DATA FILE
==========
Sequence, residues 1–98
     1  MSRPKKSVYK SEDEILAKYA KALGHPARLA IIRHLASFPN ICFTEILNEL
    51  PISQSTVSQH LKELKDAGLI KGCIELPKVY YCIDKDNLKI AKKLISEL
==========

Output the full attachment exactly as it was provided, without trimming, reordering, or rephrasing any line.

Sequence, residues 1–98
     1  MSRPKKSVYK SEDEILAKYA KALGHPARLA IIRHLASFPN ICFTEILNEL
    51  PISQSTVSQH LKELKDAGLI KGCIELPKVY YCIDKDNLKI AKKLISEL